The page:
Equally, Australia must also do more to ensure that, if similar disruptions to global supply chains occur again, we have the domestic capacity to provide our agricultural industry with the inputs it needs to continue meeting market demands. Such an effort would involve initiatives to increase our own domestic ability to produce fertilisers, crop-protection products and essential equipment—the things that farmers need on a daily basis. It will also involve ensuring that industry has access to an available labour force; this is currently a significant vulnerability for Australian agriculture and the subject of much discussion in this time of border closures and internal restrictions on movement.
Australia enjoys a highly secure domestic food supply. Our biosecurity safeguards are strong. Our position as a global food exporter helps us build deep diplomatic ties with nations near and far. However, there are risks that we must mitigate, including a variable climate and volatile commodity prices. While we export an enormous proportion of our food and fibre, we’re dwarfed by bigger nations with higher outputs and by a highly competitive global trade market. Our capacity to set prices is limited (Jackson et al. 2020).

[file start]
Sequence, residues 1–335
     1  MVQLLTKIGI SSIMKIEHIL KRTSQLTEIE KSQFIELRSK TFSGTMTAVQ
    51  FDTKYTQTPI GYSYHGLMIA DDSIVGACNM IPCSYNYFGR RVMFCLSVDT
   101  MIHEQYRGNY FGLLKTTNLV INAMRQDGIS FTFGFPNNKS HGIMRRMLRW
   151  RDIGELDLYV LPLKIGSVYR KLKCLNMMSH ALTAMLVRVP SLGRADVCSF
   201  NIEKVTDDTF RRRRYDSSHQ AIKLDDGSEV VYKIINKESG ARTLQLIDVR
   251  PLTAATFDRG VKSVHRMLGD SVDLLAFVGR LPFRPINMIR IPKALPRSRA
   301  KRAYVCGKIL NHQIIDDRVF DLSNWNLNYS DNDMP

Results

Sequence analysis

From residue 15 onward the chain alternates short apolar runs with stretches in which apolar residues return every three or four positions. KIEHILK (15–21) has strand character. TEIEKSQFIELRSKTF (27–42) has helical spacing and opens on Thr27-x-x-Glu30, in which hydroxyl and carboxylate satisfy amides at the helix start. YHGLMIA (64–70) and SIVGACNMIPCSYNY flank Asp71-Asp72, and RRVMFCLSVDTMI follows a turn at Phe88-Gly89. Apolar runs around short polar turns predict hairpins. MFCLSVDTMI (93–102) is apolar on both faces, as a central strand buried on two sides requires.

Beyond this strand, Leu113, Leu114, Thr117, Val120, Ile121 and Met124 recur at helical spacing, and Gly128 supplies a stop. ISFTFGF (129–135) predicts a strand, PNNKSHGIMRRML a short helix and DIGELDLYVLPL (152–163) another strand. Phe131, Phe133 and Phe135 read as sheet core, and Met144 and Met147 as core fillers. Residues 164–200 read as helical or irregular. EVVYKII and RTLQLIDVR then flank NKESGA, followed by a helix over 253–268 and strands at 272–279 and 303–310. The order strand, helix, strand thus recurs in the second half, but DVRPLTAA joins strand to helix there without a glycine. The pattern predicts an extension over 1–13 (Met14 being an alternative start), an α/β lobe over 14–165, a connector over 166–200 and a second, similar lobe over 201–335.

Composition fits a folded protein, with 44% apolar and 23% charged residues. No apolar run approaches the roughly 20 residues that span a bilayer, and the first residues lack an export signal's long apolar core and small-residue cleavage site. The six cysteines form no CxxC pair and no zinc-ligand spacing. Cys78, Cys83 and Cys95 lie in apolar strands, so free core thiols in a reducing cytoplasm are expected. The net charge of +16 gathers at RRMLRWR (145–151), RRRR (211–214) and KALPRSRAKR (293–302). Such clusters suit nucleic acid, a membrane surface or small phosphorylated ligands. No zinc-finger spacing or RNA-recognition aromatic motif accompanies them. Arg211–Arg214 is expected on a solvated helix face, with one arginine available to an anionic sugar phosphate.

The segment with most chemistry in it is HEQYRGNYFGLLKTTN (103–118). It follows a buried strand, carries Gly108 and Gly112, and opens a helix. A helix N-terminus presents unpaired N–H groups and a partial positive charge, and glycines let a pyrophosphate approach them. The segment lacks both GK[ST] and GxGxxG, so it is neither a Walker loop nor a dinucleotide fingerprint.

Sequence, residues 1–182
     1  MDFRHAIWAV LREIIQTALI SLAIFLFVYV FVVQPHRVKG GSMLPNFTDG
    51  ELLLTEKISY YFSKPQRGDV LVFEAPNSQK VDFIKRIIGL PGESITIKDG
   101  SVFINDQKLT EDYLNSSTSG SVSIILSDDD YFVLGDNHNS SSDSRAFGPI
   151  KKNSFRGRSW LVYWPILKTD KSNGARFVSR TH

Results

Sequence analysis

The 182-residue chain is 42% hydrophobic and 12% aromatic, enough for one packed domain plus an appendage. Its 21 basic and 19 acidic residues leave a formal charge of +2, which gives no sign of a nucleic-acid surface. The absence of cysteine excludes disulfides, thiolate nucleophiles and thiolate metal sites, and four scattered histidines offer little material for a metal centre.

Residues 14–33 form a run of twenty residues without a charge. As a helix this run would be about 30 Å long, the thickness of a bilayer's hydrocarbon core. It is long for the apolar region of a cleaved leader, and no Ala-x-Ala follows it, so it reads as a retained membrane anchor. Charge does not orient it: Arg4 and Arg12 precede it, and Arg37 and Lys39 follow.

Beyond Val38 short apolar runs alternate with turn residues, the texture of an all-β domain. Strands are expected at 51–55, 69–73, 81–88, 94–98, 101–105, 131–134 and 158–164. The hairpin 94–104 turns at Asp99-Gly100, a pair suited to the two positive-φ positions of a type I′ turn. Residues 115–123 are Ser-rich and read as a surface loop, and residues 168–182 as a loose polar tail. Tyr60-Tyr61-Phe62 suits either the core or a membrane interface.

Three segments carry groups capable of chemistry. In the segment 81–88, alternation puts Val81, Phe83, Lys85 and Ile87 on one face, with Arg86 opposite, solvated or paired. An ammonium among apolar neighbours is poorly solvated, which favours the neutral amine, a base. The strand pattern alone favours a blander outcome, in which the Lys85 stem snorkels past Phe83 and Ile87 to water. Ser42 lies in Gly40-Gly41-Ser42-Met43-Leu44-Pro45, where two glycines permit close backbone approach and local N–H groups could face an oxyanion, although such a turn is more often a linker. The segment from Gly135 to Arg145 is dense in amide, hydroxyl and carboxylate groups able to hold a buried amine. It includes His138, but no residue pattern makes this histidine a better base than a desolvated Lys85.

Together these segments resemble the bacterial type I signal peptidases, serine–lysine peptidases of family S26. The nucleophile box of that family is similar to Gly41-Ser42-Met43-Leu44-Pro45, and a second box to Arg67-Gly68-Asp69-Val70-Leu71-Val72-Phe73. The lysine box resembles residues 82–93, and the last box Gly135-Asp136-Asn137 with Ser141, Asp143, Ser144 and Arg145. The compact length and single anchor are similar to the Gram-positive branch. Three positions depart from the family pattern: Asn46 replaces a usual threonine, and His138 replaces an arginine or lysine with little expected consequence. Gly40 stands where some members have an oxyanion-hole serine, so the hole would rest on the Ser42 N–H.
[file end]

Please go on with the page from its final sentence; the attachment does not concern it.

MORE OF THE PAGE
Those risks are broadly acknowledged by both the agricultural industry and policymakers, and they can in part be mitigated by growth in the sector.
Further take-up of long-term sustainable farming practices can account for climate volatility, droughts, floods and long-term changes in the environment. By strengthening our national and international approach to climate change, we can also assist producers with government partnering to achieve this.